After three months, five requests and a formal warning, Friends of King Schools has finally provided state officials with most policies and documentation related to a March incident in which a security guard handcuffed a nine-year-old student at one of its schools.

The charter group posted a seclusion and restraint policy to its website on June 22, weeks past the state’s May 26 deadline. The policy appears to have been posted 30 minutes after The Lens inquired about the status of the documents, which the state Department of Education had sought since March.

The state provided the documents to The Lens last month and informed us midday that the documents fulfill its request.*

The morning of March 16, a private security guard handcuffed a fourth-grade boy at Joseph A. Craig Charter School after he threatened to hurt himself, according to an incident report provided by the school to the state.

The boy became upset while waiting for his mother to drop off a permission slip, according to the report. It was written in first-person, but it doesn’t say who wrote it.

“He was pushing the officer, hitting him, and swinging himself into anyone who was near him,” it states. The officer handcuffed the boy until his mother arrived. She calmed him down and took him with her.

“I am very concerned about the use of handcuffs as a restraint mechanism for young students in crisis.”—Kunjan Narechania, Recovery School District

The incident was unsettling for Recovery School District Superintendent Kunjan Narechania. She wrote to school leaders she was “very concerned about the use of handcuffs as a restraint mechanism for young students in crisis.”

State law forbids the use of mechanical restraints on students with disabilities. Students who are suspected of having a disability are to be treated as if they have one until they are evaluated.

The law doesn’t provide guidance for students without disabilities, but all schools are required by law to have guidelines for responding to student behavior.

Neither the state nor the school’s lawyer would say whether the boy has a disability.

It wasn’t the first time this school has caught the state’s attention this year. In January, Craig suspended a boy who school leaders thought was depressed until he saw a psychiatrist. That’s not a legitimate reason to keep a child out of school.

State asks for further information, restraint policies

In her March 21 letter, Narechania requested several policies on how staffers respond to student behavior, documents showing their training on the use of seclusion and restraints, and information about the private security company.

That letter started a months-long back-and-forth in which state education officials reiterated their requests after the charter group provided documents that they said were incomplete or irrelevant.

Narechania asked for an incident report and a list of staff involved. She got the incident report, but not the staff list.

She also asked for the school’s policy on how it encourages proper behavior among students. An attorney for the school, Tracie Washington, provided the school’s policy on detecting disabilities, which isn’t the same thing.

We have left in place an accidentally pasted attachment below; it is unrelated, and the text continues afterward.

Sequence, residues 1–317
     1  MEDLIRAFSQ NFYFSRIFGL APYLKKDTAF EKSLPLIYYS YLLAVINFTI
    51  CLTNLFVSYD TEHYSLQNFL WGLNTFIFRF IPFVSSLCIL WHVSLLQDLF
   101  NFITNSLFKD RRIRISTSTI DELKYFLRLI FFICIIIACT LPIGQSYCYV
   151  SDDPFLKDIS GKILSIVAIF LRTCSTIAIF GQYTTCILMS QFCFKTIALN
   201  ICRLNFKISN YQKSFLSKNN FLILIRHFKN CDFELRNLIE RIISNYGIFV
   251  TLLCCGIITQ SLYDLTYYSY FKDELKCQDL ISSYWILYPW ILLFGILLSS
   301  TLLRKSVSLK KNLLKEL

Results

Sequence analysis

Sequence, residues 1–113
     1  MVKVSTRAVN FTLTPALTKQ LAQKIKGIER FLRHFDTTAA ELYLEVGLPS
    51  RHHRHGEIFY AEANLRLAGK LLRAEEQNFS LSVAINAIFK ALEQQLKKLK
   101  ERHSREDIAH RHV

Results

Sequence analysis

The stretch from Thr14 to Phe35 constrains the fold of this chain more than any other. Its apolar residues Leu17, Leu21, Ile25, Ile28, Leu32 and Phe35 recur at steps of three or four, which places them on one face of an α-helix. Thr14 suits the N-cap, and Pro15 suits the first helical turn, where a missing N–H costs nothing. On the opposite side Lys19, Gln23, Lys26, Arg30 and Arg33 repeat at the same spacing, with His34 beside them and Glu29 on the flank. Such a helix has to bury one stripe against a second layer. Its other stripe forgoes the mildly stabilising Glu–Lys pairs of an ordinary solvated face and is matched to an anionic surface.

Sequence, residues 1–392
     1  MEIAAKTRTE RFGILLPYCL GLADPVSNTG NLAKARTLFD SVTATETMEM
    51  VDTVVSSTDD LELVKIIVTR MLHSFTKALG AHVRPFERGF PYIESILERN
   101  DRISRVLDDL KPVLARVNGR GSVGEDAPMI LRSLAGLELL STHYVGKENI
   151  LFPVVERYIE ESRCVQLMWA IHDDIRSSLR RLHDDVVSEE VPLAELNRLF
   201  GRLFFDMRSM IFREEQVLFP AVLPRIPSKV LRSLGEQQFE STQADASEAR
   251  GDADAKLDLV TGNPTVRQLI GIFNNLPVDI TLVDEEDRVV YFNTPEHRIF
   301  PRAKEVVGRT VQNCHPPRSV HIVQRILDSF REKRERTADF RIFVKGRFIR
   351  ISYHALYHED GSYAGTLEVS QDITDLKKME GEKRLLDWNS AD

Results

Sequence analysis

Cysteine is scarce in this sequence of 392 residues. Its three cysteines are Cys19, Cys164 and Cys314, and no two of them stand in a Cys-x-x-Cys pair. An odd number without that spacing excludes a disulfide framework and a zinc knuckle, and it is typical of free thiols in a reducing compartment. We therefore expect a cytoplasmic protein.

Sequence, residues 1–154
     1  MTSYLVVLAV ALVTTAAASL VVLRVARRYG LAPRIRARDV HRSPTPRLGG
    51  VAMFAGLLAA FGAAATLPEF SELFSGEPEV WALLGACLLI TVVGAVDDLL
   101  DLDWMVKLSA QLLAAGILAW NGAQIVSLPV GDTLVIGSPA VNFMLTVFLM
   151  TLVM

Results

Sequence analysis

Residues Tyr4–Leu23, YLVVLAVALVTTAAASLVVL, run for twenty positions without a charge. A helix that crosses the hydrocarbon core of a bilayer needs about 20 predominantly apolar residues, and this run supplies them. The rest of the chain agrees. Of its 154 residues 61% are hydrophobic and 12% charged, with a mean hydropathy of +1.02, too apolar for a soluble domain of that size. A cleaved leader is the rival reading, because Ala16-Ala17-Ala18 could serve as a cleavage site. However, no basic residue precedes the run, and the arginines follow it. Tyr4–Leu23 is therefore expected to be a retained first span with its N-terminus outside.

”These policies exist to ensure that the most vulnerable students are treated respectfully and that crisis situations are handled in a way that ensures the safety of all involved.”—Laura Hawkins, Recovery School District

The state issued a formal warning on May 12 after the charter group failed to provide documents showing that Craig had the legally required policies in place. That’s the least serious of three levels of intervention the Recovery School District uses to monitor its charter schools.

In response to a request for proof that school staff had been trained on seclusion and restraint, Washington initially provided an agenda from a 2016-17 board retreat. But it was unclear if staff members were there.

Eventually, the school provided an attendance log from a 2014 Champions of Change staff retreat. The sign-in sheet doesn’t say what those “afternoon sessions” were about.

If the state determines that Friends of King hasn’t provided sufficient documents on restraint and seclusion training, the charter group has until Aug. 31 to train staff.

The state also asked for the charter group’s policies on when and how staff can restrain students or isolate them. The school first provided a document from the security company that outlines how and when its employees are supposed to use force.

“The school did not provide any school- or [charter management organization]-level policies related to seclusion and restraint,” Laura Hawkins, deputy chief of staff for the RSD, wrote on June 20.

“These policies exist to ensure that the most vulnerable students are treated respectfully and that crisis situations are handled in a way that ensures the safety of all involved,” she wrote.

On June 22, The Lens asked Washington and Doris Hicks, the charter group’s CEO, about the policies. The seclusion and restraint policy was uploaded to Friends of King’s website 30 minutes later.

The state received it the next day along with the behavioral support policy it had requested. The school has returned to good standing.*

*Update: The state informed The Lens midday that Craig had satisfied its request for documents and returned to good standing. (July 5, 2017)

Marta Jewson

Marta Jewson covers education in New Orleans for The Lens. She began her reporting career covering charter schools for The Lens and helped found the hyperlocal news site Mid-City Messenger. Jewson returned...